In my counseling practice I am currently working with two budding entrepreneurs. Both of these new business builders are starting companies in similar fields, and both of these talented individuals have often found themselves struggling with the F-word.
When working with clients who are struggling with the problem of fear I am always interested in helping people get space from the overwhelming effects of fear which can include diminished initiative and blocked vision. It is my hope that we may collaborate in an examination of how to take a stand against fear, and begin to move toward preferred goals. Stephen Madigan who has been writing about narrative practice for years says that fear has the ability to create a dialogue that is ongoing, insidious, and irrational. He also believes that fear can create a “horror film” out of our worst nightmares, paralyzing all our best ideas and thwarting any attempts at fulfilling our hopes and dreams. According to Madigan it is fear’s goal to get you to see all the ways you will mess up your life, meet with failure, and how you should just quit before you start.
In my counseling role I use narrative practice to help to get distance from fear by the following process;
Begin to ask how fear has been influenced, manufactured, and maintained over time;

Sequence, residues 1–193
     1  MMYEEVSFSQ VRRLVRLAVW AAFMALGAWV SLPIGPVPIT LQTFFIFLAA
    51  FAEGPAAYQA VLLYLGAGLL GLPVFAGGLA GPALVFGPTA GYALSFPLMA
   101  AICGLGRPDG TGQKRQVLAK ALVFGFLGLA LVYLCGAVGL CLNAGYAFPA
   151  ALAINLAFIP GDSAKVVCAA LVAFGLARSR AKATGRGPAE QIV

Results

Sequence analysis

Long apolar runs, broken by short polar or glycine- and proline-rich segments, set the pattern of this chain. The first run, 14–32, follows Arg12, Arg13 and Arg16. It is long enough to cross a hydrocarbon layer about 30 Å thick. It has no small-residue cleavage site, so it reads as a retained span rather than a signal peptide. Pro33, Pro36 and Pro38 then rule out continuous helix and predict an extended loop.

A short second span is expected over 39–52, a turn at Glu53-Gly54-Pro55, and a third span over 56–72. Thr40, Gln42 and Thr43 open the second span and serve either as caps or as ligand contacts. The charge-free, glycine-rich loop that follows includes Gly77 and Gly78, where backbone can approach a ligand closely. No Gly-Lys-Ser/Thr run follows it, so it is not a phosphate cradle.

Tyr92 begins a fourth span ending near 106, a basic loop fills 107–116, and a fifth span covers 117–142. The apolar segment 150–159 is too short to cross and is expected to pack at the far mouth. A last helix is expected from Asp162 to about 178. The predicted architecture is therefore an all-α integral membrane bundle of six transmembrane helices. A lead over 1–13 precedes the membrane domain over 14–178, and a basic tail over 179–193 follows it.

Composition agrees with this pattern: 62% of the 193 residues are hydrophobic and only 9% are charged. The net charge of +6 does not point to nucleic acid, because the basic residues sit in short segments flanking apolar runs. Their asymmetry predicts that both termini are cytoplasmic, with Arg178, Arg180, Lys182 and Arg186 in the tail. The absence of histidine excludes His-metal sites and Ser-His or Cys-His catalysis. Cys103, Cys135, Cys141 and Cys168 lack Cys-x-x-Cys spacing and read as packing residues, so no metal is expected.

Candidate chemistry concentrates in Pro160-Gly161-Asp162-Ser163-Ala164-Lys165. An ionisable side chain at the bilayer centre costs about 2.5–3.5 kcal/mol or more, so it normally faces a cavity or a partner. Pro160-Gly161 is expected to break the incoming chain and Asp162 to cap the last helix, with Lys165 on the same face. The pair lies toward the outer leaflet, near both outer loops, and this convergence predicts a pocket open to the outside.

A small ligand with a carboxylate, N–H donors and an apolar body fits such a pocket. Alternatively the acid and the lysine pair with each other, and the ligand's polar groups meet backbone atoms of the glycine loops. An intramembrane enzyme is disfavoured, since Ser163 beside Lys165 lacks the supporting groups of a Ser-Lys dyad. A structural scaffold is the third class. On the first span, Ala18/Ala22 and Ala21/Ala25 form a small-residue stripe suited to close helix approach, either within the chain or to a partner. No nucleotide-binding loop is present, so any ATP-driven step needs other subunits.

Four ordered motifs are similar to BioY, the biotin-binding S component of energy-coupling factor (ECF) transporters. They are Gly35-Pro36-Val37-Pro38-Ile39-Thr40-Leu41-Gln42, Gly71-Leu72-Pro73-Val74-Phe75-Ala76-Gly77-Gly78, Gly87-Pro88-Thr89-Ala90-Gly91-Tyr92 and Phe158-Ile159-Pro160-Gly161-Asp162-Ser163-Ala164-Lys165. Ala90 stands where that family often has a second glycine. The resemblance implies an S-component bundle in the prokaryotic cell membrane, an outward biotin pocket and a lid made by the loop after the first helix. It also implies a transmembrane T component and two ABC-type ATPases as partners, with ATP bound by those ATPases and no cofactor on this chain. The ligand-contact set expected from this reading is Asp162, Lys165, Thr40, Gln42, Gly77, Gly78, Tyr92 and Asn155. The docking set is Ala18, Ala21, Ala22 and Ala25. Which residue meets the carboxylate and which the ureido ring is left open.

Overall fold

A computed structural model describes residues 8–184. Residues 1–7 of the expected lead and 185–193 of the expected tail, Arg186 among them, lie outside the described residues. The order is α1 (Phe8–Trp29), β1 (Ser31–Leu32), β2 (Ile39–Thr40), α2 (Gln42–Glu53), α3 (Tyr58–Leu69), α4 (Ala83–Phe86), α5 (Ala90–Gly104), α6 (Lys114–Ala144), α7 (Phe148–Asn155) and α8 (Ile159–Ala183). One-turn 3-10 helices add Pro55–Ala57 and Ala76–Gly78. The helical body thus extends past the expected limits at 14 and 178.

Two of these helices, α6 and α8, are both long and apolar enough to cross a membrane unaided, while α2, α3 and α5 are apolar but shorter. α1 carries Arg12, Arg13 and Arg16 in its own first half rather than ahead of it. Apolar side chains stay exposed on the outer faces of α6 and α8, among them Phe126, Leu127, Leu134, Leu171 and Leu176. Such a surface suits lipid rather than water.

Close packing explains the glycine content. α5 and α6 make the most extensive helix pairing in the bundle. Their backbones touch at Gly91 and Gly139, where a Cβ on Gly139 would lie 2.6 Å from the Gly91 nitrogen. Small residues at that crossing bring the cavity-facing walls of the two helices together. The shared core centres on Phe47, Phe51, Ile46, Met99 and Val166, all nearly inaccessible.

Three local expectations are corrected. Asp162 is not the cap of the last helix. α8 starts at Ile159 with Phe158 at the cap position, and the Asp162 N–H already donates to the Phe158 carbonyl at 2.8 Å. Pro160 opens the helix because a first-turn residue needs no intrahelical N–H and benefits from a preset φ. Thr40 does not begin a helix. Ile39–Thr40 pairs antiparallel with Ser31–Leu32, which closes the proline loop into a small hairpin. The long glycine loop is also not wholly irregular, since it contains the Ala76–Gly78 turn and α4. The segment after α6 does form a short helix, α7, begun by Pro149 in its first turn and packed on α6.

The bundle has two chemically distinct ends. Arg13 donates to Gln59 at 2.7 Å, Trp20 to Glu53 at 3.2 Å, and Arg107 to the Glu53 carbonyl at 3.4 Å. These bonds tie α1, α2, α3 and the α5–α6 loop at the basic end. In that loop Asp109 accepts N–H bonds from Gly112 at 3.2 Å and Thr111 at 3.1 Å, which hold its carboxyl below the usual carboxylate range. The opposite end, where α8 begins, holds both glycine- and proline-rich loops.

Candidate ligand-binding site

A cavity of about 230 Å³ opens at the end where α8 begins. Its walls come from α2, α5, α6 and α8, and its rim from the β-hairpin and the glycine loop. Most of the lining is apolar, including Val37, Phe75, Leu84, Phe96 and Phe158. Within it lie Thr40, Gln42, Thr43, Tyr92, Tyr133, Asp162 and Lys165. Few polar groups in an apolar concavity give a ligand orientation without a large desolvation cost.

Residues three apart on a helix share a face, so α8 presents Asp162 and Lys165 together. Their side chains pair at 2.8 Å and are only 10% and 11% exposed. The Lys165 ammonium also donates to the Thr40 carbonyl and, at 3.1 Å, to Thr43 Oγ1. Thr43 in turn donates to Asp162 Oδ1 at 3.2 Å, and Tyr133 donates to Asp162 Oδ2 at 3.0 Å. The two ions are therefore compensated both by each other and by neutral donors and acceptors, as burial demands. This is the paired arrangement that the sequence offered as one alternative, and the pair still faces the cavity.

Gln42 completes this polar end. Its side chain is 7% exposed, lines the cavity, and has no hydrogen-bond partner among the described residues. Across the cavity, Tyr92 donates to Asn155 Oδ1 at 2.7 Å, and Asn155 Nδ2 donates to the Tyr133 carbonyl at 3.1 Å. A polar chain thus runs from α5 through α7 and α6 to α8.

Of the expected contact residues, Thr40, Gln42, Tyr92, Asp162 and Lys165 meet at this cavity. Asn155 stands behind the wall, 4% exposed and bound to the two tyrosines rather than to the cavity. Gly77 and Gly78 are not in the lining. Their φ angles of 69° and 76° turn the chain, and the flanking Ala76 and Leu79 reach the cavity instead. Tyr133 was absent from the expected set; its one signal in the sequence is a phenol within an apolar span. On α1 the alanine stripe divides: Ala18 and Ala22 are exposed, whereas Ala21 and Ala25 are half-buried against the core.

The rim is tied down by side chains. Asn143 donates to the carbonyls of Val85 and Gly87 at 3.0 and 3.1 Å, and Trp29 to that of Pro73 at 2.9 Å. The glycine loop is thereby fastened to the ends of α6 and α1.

Question what aspects of the social environment might be assisting in strengthening fear’s influence;
Ask questions that bring forward moments and stories where fear was resisted and successfully taken on;
Strengthen the preferred self apart from the influence of fear;
Begin to recruit others who would stand with those that are in the process of taking on fear.
Through deconstructing questioning of how fear operates, it has been my experience that people begin to tell a different story about fear. Rather than the old story where fear has made goals unattainable or told my budding entrepreneurs that they are just dreamers and they should not really try. The new stories include tales of personal agency, and the hard won experience of “walking through” fear, which creates an alternative story free of the overpowering influence of fear, leading to preferred goals.